130  Main Forum / General Discussion / Re: RV Shows?? on: September 22, 2015, 06:15:34 am
Commenting back on towing the Subaru Forrester - it is a standard transmission / stick shift all wheel drive. We put it in neutral to tow. The Forrester also comes in automatic but that cannot be towed four down.
131  Main Forum / General Discussion / Re: Hershey RV Show 2015 on: September 22, 2015, 06:12:31 am
This is purely my opinion but Kermit seems to seek out the cool RV stuff and add it to his babies. He is very proud of what he builds and seems to have a goal of making the best RV he can. Phoenix doesn't necessarily flaunt it though. We researched and compared RVs and chose the Phoenix but even with all that research, plus seeing one at a show, plus a factory tour, there were cool features we didn't know we had until we took delivery. One example is the in-tank flushing system. This is really cool and would have been a plus on my list but I didn't know about it. I knew others offered it for an additional charge but there it was as a standard feature on our Phoenix.
132  Main Forum / Tips and Tricks / Re: Converting From Two 12V Batteries To Two 6V Batteries on: September 22, 2015, 05:54:27 am
I'm clueless about these things but would it make sense to mount a new battery monitor in the same place as the old one? My brain says all the wires are already there, they just don't feed to a digital display. Even if the wires aren't there, you could run them and just pull out the old monitor since it is useless anyhow. (Though the height might be an issue).

I know you'd find a use for all those rectangles over the stove. They will call to you until you use every one.
133  Main Forum / General Discussion / Re: Hershey RV Show 2015 on: September 20, 2015, 08:09:16 am
And again - I found the paper amongst the mass of show goodies. They pay $10.75 for days, $11.25 for nights plus that extra $1.00  per hour completion bonus. Over 40 hours a week is paid at time and a half. You get a full hook up site with an electric allowance. They make arrangements with local campgrounds, give you a list for the area you were hired for, you pick one and reserve your site, the bill goes to and is paid directly by Amazon. Job descriptions, requirements and some videos are on the website.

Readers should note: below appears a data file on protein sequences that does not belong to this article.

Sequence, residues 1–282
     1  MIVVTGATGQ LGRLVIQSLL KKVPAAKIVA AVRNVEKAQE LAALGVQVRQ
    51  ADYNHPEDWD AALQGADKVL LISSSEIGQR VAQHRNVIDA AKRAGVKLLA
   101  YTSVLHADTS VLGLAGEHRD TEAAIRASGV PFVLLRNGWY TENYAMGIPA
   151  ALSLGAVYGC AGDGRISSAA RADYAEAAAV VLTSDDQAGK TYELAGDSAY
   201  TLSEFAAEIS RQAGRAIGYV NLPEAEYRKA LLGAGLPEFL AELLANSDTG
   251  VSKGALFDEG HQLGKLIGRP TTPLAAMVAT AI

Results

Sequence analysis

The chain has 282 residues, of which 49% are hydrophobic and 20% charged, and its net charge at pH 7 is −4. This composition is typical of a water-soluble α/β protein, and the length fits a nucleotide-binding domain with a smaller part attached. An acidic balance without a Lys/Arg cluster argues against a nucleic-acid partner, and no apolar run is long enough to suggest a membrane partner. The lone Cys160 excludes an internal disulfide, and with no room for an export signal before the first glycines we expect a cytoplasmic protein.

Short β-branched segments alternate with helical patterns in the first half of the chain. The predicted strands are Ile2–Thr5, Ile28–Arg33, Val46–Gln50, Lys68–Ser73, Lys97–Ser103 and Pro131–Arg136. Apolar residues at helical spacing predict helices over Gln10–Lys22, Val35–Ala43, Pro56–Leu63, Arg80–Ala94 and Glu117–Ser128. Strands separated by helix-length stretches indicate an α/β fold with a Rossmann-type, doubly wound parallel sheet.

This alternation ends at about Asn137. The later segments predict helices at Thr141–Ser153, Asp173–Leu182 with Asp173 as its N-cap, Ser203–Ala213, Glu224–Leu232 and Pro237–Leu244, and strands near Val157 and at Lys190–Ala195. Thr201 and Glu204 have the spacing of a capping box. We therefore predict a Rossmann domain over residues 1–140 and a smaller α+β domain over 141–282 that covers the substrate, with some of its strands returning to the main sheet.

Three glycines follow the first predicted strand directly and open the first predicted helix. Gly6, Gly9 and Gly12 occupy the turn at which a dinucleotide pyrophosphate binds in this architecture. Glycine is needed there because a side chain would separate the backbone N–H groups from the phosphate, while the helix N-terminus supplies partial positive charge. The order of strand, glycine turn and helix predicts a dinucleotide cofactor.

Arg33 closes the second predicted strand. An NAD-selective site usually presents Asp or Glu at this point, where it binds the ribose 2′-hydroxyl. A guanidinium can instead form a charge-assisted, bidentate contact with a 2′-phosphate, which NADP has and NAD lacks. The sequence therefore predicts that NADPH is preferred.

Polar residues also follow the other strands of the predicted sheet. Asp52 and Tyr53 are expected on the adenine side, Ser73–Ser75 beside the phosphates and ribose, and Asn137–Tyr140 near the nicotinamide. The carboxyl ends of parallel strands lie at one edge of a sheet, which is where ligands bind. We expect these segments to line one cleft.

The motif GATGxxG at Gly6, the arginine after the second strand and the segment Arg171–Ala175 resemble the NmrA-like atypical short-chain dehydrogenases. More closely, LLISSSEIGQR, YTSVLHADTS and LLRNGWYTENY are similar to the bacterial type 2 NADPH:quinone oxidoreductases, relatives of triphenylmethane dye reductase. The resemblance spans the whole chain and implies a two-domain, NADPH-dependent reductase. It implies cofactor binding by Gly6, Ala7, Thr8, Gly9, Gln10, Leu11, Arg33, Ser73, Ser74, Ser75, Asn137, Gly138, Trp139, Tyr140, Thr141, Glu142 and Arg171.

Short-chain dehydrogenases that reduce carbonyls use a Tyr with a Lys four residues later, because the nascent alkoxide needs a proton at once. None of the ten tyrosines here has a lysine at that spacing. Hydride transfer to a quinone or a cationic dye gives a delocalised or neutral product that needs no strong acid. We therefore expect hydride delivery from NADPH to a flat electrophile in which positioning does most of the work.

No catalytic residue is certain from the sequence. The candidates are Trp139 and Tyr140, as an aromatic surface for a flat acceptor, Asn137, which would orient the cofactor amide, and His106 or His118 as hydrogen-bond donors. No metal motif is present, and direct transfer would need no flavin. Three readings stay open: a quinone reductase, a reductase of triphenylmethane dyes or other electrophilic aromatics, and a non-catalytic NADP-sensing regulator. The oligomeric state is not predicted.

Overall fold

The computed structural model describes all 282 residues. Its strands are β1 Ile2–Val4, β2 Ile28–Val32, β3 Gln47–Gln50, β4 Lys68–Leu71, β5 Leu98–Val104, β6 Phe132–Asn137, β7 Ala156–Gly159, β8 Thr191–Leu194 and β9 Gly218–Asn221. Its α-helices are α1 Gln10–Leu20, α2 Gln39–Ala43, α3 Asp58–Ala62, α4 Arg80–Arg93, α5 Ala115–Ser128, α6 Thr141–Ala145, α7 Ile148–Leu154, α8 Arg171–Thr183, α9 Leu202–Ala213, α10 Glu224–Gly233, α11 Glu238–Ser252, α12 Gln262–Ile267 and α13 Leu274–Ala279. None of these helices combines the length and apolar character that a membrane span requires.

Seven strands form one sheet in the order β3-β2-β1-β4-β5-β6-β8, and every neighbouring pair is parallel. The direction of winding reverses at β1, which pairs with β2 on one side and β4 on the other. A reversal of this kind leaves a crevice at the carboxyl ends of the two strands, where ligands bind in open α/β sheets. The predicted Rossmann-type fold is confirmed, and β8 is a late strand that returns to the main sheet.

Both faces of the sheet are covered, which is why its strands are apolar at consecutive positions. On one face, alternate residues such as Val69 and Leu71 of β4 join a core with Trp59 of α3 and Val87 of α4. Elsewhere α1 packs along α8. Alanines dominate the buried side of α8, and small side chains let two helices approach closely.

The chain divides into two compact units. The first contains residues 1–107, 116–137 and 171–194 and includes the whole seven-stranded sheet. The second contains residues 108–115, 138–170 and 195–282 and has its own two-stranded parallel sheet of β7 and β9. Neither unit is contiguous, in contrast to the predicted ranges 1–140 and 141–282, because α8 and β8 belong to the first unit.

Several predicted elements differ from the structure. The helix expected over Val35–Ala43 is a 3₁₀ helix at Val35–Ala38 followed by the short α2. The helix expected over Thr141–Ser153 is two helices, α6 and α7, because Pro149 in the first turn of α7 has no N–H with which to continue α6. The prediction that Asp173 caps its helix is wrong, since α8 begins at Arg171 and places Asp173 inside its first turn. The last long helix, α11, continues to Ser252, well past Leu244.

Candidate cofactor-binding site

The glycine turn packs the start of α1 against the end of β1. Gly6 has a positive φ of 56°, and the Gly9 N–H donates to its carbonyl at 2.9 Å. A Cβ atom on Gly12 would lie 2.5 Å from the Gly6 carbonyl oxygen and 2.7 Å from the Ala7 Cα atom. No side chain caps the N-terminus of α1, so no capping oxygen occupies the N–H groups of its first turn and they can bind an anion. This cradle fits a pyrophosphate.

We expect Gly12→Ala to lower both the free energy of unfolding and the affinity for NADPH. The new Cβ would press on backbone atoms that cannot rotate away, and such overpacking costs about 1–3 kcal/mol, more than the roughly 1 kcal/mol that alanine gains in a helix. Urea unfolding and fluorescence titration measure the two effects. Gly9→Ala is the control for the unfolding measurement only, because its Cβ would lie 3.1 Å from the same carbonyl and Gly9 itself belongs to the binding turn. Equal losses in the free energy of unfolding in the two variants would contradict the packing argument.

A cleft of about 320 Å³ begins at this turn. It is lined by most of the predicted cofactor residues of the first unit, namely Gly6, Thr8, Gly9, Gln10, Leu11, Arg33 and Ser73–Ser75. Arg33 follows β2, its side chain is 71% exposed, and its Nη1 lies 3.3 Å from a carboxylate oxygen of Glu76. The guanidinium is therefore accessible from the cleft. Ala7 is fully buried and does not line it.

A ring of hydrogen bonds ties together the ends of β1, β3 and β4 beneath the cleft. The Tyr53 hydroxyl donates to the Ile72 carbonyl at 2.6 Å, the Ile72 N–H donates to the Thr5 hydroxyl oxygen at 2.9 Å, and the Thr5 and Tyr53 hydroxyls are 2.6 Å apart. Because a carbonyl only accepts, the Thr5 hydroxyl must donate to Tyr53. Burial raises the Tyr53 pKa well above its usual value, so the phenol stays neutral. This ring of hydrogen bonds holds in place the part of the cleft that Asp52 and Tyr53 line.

The sites may change over the years. They used to have one in Utah but no longer need outside help. The camper force fills in where the local work force cannot supply enough labor for the big holiday push. They don't want to take away jobs from the locals.
134  Main Forum / General Discussion / Re: Hershey RV Show 2015 on: September 20, 2015, 07:27:50 am
Oh, the Amazon work is order fulfillment: pulling stock, shipping and receiving.
135  Main Forum / General Discussion / Re: Hershey RV Show 2015 on: September 20, 2015, 07:23:01 am
Bill, thanks for the pics. Earl and Kyle told me about the macerator but my bum knee wasn't willing to scrunch down there to check it out. Earl said it pumps the tanks almost three times faster. Nice. I saw John's eyes light up at that.

They also have cool LED lights along the inner edge of the awning that operate on their own switch. Also nice.

We hurt ourselves at the show. ONE day is not enough. Lots of walking and climbing in and out of RVs. Three years ago John and I went as nearly totally clueless wannabes. This year we went with a completely different viewpoint.  Phoenix wins hands down on inside storage which is big with us. The kitchen beats out all but the big ones. Even some of the big guys had less functional kitchens and less bedroom storage. Some of the rigs were built on the Freightliner chassis (34-40 feet) and there were three steps up to get in the CAB door with that first step from the ground being a big one. It was at least five steps to get in the house door. It was a BIG trucker dude type rig. We did a LOT of steps.

My granddaughter was shopping for one for her and her dad (6'4") and their two large dogs. She really liked the ones with bunk beds. She said "Daddy gets the big bed, I get the top bunk and the doggies get the bottom bunk." She found that floor plan in travel trailers, class A's and class C' s.

We were floored at the cost of the tiny tear drop shaped trailers. One was barely more than a bed you could just sit up in and it was over 6K.

One interesting vendor was Amazon camperforce. You apply and commit to work mid-September until December 23rd. They pay your full hook up campsite and ten dollars and change per hour plus an additional dollar per hour completion bonus (if you stay the whole time). A couple can make $113k in one season. You can make even more with shift differential and overtime. The rest of the year you go out and play.

You can pull this up online. The Texas site is full but they are still hiring for KY, TN  southern IN. The rep said temps are usually lows in 40's and highs in 50's or 60's for that time with weather turning bad in January and February.